International Trade Policy Problems
Throughout the world, countries engage in international trade every day. The result of international trade is that it produces mutual benefits among the countries that are involved. However, when a country engages in trade protection, it hurts both the domestic consumers and foreign export industries. Three arguments that are used to promote trade barriers are the national security argument, the infant industry argument, and the dumping argument. Although these three arguments have their pros, such as protecting domestic industries from foreign competitors, they also have their flaws.
The national security argument is designed to promote trade barriers by stating that free trade may develop international conflict. The advantage of having trade barriers is that it will promote autarky, or economic independence. As a country, you don’t want to become too dependent on another country for goods. Countries would be self sufficient and that would result in the protection of domestic industries. The protection of the domestic industries might sound nice, but when this happens it restricts competition by limiting availability of foreign goods.
When foreign goods are limited, it forces the domestic products price to go up, therefore causing consumers to buy more expensive products. Free trade creates more competition among producers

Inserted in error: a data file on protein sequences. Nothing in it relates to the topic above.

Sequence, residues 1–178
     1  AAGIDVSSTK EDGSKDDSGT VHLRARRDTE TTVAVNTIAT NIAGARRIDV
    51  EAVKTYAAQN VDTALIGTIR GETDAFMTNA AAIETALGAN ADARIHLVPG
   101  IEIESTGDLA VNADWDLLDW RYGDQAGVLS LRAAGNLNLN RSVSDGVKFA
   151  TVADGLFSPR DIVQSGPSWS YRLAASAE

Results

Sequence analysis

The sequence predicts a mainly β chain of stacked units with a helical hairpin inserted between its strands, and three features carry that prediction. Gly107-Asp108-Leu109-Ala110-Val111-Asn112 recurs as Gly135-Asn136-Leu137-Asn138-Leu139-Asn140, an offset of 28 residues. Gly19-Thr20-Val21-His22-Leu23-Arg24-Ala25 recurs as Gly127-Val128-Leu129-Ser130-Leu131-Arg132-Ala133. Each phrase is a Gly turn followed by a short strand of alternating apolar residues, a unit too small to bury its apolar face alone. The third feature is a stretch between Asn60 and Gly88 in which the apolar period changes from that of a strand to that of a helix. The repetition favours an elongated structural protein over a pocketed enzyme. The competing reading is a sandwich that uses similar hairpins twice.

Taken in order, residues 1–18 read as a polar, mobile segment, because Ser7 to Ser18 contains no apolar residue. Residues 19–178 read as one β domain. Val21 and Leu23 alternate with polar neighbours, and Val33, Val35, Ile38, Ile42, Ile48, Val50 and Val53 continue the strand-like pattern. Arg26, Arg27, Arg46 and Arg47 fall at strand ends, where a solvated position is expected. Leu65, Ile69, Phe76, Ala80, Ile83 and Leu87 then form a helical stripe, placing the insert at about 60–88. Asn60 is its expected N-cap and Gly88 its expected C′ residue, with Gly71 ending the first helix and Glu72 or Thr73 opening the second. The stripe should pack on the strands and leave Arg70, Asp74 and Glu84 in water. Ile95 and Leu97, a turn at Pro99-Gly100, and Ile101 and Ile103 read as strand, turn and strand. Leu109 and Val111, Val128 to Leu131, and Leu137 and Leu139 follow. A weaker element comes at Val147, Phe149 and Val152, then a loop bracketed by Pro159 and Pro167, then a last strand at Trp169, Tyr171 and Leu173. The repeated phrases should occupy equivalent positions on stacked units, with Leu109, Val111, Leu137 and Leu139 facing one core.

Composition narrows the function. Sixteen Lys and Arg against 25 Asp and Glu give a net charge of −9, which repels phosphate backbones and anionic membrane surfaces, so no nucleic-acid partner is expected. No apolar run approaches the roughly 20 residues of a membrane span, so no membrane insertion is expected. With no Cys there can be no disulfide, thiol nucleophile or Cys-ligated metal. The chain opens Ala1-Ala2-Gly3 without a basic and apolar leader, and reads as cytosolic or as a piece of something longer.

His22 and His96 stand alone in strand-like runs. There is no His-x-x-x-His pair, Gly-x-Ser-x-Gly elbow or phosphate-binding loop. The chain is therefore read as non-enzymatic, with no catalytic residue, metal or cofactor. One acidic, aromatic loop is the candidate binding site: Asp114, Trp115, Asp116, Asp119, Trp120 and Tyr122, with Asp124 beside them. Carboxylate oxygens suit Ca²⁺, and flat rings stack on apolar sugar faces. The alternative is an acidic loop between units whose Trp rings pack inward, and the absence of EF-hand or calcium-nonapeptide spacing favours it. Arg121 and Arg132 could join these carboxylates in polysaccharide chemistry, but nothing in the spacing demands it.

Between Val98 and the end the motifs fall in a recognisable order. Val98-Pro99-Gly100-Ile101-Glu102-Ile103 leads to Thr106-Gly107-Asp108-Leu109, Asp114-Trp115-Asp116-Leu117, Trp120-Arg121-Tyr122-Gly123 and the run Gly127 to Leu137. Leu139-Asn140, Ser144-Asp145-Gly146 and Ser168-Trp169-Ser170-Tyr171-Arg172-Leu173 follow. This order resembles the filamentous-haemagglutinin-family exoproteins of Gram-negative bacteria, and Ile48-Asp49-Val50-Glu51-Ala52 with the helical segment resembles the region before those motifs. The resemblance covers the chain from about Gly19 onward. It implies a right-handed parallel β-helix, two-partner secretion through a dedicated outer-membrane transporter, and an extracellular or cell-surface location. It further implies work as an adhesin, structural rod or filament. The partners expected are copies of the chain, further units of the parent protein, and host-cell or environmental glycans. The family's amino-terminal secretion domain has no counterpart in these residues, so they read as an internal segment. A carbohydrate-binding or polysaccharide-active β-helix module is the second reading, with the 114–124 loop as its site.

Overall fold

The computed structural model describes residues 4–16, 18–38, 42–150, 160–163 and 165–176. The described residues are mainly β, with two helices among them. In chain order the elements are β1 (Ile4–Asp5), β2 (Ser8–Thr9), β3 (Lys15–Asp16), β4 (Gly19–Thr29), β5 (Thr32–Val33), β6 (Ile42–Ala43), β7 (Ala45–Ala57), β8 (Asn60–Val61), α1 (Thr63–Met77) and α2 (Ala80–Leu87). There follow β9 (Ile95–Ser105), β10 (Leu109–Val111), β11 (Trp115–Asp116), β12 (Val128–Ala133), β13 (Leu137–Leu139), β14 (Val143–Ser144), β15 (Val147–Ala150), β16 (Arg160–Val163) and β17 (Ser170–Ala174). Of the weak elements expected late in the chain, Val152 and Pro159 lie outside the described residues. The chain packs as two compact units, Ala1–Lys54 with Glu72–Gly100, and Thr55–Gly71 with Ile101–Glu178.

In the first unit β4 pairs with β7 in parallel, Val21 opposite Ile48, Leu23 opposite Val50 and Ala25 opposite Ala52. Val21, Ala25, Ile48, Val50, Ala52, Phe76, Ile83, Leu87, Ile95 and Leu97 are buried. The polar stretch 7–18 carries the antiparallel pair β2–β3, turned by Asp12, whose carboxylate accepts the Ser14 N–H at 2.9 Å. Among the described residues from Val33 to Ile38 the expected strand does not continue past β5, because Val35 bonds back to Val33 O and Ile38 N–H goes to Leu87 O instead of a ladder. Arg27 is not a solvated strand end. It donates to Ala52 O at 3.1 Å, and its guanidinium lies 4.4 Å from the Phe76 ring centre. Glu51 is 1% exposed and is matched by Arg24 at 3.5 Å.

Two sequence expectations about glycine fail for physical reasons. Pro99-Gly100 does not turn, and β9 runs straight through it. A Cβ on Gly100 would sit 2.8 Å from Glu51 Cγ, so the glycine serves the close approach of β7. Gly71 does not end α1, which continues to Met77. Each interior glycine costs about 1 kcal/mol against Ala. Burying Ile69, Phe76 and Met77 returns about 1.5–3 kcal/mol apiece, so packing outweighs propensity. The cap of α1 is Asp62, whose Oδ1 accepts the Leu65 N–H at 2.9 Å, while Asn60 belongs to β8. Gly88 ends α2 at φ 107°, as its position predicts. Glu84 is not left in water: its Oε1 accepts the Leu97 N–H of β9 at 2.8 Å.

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The protection of trade barriers would benefit these countries, but would eventually become a problem. Usually when infant industries rely on trade barriers to help them develop, they continue to use the protection even after they are mature enough to go without it. When countries set restrictions for such long periods of time like that, the economic growth begins to slow down. After a country restricts goods from other countries, the country who’s domestic products would be protected would also be similarly restricted, making it difficult for countries to export their products.
The dumping argument promotes trade barriers as a form of protectionism that allows industries to lower their prices than the domestic price or cost of production and export their products to another country. Sure, that may be good for the industry doing the “dumping”, but the result would knock out the competing industries around the world. The industries that are dumping would become huge monopolies and cause the other industries profits to go down the drain, forcing them out of the market completely. Not only does this negatively effect the economy, it also produces tensions between the nations.
These tensions could possibly lead to armed conflict. These three arguments used to promote barriers such as tariffs, quotas, and embargos help benefit domestic industries by creating economic independence, supporting infant industries as they grow, and restricting competition of foreign industries. These may be helpful, but they harm the economy as a whole by creating higher domestic prices and limiting the diversity of consumer products. Free trade however, benefits the economy by raising the competition of industries and lowering prices. Also, the diversity of goods are wealthy and it is easier for industries to export or import products.